German Scioptric Ball Microscope (circa 1700s)

License Info
Image Use
Custom Photos
Site Info
Contact Us

The Galleries:

Photo Gallery
Silicon Zoo
Chip Shots
DNA Gallery
Amino Acids
Religion Collection
Cocktail Collection
Screen Savers
Win Wallpaper
Mac Wallpaper
Movie Gallery

Spike (M.I.) Walker

Vitamin C Quilt Patterns

English photomicrographer Spike (M.I.) Walker has been a consistent winner of the Nikon Small World competition for many years and has published many articles and a book about microscopy. Featured below is a photomicrograph of Vitamin C (cyan and red squares) recrystallized in a shape reminiscent of a quilt-like pattern.

Vitamin C Quilt Patterns

One of Spike Walker's most notable accomplishments in the field of polarized light microscopy is his ability to control the crystallization of vitamin C from evaporated aqueous solutions. The photomicrograph presented above is from a supersaturated solution placed on a microscope slide that was scratched into approximately 1.5-millimeter squares with a fine needle to provide 'windows' in which crystallization could proceed independently. The preparation was breathed on at 60-second intervals to alter the rate of crystal growth fronts. Illumination was provided by a 12-volt, 100-watt tungsten halide lamp with crossed polarizers. The microscope was a Zeiss Ultraphot III equipped with an automatic 35-millimeter photohead. The film was Fujichrome Velvia. (10x)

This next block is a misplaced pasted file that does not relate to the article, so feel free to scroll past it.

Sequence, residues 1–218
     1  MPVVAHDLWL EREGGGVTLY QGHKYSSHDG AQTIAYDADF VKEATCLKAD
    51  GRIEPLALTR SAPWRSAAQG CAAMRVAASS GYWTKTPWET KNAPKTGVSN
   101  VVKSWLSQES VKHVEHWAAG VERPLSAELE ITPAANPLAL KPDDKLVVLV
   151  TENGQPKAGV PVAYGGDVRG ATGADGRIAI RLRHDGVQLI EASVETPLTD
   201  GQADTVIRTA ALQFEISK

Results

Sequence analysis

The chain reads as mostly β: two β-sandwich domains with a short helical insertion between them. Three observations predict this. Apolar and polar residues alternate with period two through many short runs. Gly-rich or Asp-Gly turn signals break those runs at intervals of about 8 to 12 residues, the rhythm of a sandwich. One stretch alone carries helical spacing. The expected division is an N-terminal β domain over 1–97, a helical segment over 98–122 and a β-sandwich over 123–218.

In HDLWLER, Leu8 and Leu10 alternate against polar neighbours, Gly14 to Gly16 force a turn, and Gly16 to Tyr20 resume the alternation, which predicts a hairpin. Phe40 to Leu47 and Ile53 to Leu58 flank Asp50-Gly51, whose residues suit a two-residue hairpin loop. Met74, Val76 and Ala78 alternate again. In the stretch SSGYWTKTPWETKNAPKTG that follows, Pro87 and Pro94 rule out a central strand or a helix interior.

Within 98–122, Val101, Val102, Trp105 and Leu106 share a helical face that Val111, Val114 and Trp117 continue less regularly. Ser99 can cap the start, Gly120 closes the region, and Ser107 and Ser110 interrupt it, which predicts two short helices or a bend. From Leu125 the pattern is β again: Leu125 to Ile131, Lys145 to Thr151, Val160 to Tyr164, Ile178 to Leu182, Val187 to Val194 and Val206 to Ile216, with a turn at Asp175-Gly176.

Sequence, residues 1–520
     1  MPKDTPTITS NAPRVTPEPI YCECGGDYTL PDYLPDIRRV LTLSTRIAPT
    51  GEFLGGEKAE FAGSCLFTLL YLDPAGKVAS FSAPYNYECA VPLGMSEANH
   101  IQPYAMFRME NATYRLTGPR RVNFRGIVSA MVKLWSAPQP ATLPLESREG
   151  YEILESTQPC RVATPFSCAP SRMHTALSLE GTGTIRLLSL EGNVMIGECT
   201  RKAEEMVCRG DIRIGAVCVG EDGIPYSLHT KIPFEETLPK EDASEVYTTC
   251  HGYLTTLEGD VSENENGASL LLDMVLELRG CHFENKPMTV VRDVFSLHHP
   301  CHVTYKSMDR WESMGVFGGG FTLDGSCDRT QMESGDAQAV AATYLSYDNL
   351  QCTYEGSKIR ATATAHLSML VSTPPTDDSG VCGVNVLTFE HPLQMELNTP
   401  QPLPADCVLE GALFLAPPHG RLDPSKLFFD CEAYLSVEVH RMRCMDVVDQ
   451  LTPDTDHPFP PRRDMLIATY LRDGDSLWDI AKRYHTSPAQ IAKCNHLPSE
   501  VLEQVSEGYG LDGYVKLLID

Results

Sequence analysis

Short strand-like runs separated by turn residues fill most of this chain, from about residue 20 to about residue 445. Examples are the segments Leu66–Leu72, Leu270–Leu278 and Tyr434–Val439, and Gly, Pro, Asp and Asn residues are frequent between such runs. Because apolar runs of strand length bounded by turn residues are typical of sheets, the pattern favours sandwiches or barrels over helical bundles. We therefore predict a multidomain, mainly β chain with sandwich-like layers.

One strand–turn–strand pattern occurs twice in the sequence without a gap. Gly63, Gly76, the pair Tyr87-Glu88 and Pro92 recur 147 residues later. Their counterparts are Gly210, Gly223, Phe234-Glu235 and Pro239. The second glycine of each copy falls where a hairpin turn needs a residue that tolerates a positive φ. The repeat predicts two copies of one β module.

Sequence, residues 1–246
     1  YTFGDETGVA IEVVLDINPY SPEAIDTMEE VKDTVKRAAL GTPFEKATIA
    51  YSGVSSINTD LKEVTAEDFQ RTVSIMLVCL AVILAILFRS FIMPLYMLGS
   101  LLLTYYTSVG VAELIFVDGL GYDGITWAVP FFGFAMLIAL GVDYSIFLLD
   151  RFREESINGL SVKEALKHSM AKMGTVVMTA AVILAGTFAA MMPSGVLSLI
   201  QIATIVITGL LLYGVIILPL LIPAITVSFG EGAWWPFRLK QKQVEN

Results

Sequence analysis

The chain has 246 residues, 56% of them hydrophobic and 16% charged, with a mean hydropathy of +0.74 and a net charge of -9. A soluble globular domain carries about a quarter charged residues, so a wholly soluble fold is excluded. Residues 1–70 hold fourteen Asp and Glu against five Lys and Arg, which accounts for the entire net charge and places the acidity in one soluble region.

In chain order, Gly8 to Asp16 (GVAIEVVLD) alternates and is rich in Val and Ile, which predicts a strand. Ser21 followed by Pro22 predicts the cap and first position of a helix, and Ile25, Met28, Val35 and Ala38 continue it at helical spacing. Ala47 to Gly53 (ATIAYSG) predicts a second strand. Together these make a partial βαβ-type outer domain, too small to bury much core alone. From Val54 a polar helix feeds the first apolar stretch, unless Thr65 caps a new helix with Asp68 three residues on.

Ascorbic acid, also known by the chemical name L-ascorbic acid, is a water-soluble vitamin that functions as a powerful antioxidant. Although most animals can synthesize vitamin C, others -- such as humans, other primates, and guinea pigs -- obtain it only through their diets. Vitamin C is commonly found naturally in peppers, citrus fruits, tomatoes, melons, broccoli, and green leafy vegetables such as spinach, turnip, and mustard greens.

Vitamin C is known to be essential in a variety of metabolic functions, but the details of its mechanism aren't yet understood. It is necessary for synthesis of collagen (a protein important in the formation of healthy skin, tendons, bones, and supportive tissues and in wound healing); maintenance of the structural strength of the blood vessels; metabolism of certain amino acids; and the synthesis or release of hormones in the adrenal glands. Although some anecdotal evidence suggests that vitamin C plays a part in protecting the body against infection, that claim has not been scientifically proven yet.

Chemically, L-ascorbic acid occurs as a white or slightly yellow crystal or powder with a slight acidic taste and darkens on exposure to air and light. As a dry state, it is reasonably stable in air, but it rapidly oxidizes in solution. Ascorbic acid is freely soluble in water; sparingly soluble in alcohol; insoluble in chloroform, ether, and benzene.


Questions or comments? Send us an email.
Text and graphics for this article are
© 2000-2019 by Spike (M. I.) Walker.
All Rights Reserved under copyright law.
© 1995-2019 by Michael W. Davidson and The Florida State University. All Rights Reserved. No images, graphics, software, scripts, or applets may be reproduced or used in any manner without permission from the copyright holders. Use of this website means you agree to all of the Legal Terms and Conditions set forth by the owners.
This website is maintained by our
Graphics & Web Programming Team
in collaboration with Optical Microscopy at the
National High Magnetic Field Laboratory.
Last modification: Friday, Nov 13, 2015 at 01:18 PM
Access Count Since November 18, 2000: 10528
Microscopes provided by:
Visit the Nikon website. Visit the Olympus Microscopy Resource Center website.